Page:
20th century intelligence - ending poverty of half world without electricity -although Keynes 1936 (last capter general theiry money inetrest emplymen) asked Economists to take hipocrati oath as the profession that ended extreme poverty, most economists did the opposite. Whats not understandable is how educatirs failed to catalogue the lessons of the handful who bottom-up empowered vilages to collaboratively end poverty. There are mainly 2 inteligences to understand- Borlaug on food; fazle abed on everything that raised life expectancy in tropical viage asia from low 40s to 60s (about 7 below norm of living with electricity and telecomes). Between 1972 and 2001, Abed's lessons catalogued in this mooc had largelu built the nation of Bangladesh and been replicated with help of Unicef's James Grant acroo most tropical asian areas. What's exciting is the valley's mr ad mrs steve jobs invted Fazle Abed to share inteligences 2001 at his 65th birthday party. The Jobs and frineds promised to integrate abed's inteligence into neighborhod university stanfrd which in any event wanted Jobs next great leap the iphone. The Valley told abed to start a university so that women graduates from poor and rich nations could blend inteligence as Abed's bottom of the pyramid vilage began their journey of leapfrog modles now that gridd infarstructures were ni longer needed for sdiar and mobile. Abed could also help redesign the millennium goals which were being greenwashed into a shared worldwide system coding frame by 2016. There re at Abed's 80th birtday party , the easy bitwas checking this mooc was uptodate. The hard bit - what did Abed mean by his wish to headhunt a taiwanese american to head the university's 3rd decade starting 2020?

Tuesday, September 26, 1972

 From Sir Fazle's last 47th annual report (2018) as chairman of Bangladesh Rural Advancement Cooperation

For nearly half a century, our work at BRAC has

supported the building of a gender-equitable


What would a gender-equitable world look like?

A world where cultures, embedded systems,

and values based on patriarchy are replaced by

cultures, systems, and values that empower and

create opportunities for all. A world where girls are

just as likely to gain education and skills as boys,

where women are just as likely as men to own

land, have control over assets and decisions, and

succeed in the workplace, and where men and

women share responsibilities at home equally.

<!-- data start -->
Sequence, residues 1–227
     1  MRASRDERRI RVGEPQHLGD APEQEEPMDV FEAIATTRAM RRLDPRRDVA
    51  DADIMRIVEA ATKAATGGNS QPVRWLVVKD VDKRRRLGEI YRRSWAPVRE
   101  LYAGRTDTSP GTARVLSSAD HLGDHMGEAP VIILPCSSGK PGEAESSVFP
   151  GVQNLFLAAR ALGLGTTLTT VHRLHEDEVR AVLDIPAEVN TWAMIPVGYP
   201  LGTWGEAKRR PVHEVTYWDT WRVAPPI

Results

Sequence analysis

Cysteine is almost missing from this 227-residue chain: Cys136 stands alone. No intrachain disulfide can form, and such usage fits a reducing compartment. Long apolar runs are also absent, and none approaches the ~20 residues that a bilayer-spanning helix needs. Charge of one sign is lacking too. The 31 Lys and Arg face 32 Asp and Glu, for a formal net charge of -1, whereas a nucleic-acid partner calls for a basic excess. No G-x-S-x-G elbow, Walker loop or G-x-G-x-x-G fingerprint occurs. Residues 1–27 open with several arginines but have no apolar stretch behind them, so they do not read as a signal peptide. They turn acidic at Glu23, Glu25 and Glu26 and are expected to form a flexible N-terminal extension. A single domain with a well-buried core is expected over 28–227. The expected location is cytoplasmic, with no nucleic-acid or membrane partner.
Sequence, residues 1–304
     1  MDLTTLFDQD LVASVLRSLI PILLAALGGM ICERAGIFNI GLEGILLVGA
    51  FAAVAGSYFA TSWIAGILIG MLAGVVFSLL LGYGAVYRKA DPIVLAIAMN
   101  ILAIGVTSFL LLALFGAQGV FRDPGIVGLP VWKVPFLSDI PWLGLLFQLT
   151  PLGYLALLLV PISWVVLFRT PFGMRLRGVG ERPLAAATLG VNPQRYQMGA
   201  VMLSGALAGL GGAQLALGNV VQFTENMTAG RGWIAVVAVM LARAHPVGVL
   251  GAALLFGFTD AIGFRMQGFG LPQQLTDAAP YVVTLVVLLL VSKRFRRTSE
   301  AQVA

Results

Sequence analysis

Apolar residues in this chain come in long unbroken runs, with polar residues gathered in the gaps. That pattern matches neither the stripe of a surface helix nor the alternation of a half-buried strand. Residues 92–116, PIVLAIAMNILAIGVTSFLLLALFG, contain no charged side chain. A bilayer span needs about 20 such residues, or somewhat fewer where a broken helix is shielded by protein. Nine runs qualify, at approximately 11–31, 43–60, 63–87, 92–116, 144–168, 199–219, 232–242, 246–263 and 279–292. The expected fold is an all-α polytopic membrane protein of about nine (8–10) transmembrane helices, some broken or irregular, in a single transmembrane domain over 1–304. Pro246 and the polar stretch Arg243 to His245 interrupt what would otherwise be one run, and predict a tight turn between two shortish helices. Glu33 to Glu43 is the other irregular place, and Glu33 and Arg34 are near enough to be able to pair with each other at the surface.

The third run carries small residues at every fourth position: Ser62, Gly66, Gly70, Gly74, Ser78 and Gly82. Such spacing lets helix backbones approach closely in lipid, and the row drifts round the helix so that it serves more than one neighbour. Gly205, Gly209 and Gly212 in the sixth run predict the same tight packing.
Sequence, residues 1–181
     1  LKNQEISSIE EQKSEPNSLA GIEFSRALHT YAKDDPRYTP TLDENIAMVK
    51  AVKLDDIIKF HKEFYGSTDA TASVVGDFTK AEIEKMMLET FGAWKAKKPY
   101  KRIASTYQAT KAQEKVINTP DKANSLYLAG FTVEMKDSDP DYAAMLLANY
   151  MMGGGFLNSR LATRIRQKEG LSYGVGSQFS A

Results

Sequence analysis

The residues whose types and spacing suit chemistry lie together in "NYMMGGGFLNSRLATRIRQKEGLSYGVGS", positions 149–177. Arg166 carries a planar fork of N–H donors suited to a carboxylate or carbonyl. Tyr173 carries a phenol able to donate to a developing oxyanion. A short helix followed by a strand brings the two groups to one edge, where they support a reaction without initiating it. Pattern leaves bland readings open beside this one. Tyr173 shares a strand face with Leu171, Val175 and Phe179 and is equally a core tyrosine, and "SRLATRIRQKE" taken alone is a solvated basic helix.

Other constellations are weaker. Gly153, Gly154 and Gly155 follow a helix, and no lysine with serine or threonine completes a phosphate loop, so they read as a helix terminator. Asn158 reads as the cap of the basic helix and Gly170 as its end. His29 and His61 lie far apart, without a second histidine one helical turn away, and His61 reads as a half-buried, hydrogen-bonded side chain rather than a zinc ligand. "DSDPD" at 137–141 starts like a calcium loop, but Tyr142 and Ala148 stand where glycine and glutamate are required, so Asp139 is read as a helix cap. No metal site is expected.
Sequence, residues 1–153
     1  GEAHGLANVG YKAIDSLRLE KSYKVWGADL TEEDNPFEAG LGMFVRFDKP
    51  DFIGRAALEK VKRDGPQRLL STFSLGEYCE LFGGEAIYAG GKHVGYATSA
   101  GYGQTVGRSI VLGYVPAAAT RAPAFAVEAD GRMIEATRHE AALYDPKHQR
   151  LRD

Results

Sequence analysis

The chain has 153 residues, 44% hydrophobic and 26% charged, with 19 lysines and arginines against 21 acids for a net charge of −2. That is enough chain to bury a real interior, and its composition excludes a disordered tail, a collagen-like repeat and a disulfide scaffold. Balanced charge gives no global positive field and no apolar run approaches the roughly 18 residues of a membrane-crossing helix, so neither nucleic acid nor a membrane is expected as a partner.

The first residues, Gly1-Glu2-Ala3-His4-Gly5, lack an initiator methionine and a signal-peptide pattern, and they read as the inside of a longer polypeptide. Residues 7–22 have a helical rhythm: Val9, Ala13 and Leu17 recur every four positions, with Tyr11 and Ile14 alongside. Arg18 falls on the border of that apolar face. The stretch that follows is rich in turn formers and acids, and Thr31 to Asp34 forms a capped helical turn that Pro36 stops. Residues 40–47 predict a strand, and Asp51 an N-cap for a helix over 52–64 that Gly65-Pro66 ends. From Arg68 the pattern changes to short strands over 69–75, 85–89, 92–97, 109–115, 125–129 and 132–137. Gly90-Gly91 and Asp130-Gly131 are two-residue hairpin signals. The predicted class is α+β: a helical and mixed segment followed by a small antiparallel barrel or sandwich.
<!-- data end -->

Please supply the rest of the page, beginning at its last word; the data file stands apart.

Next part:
Gender equity is a cross-cutting issue for all

of us - individuals, communities, corporate

organisations, non-governmental organisations,

and governments. We all need to push ahead

and find new ways to achieve this. Gender equity

plays a vital role in both social development and

domestic harmony and, as such, remains one of

our top commitments at BRAC. We will continue

to fight against anything that stands in the way

of women’s development, holds women back,

deprives them of their rights, and damages their

self-esteem or self-respect.

Only a few countries have come close to

achieving gender equality. By comparison, in the

11 countries where BRAC operates, the work

is just beginning. Despite making creditable

progress on some socioeconomic indicators,

we still lag behind in ensuring respect and fair

treatment for women. We must be steadfast in our

struggle to create an equitable society.

Although the challenges may be daunting, we

must not accept the world as it is today. Children

should not be forced to become brides, women

should not have to do more work for less pay,

and wives and mothers should not have to carry a

disproportionately high burden of responsibility at

home. We cannot sit idly by as the harassment of

women and girls continues unabated - at home,

in public spaces, and in the workplace. Rather,

we must continue to act on our conviction that

women are the real agents of positive change for

their families, communities, and for societies as a


BRAC continued to tackle many of these issues

head on in 2018. This report highlights some of

our work in these areas. As we move forward

towards the third decade of this century, we

must continue to prioritise action that will lead us

towards gender equality, and must do so with a

sense of impatience and urgency. We must strive

to create a world free of systemic prejudice, where

gender-based violence in all its forms is rooted out

for good. For we cannot and will not have peace,

justice, or shared prosperity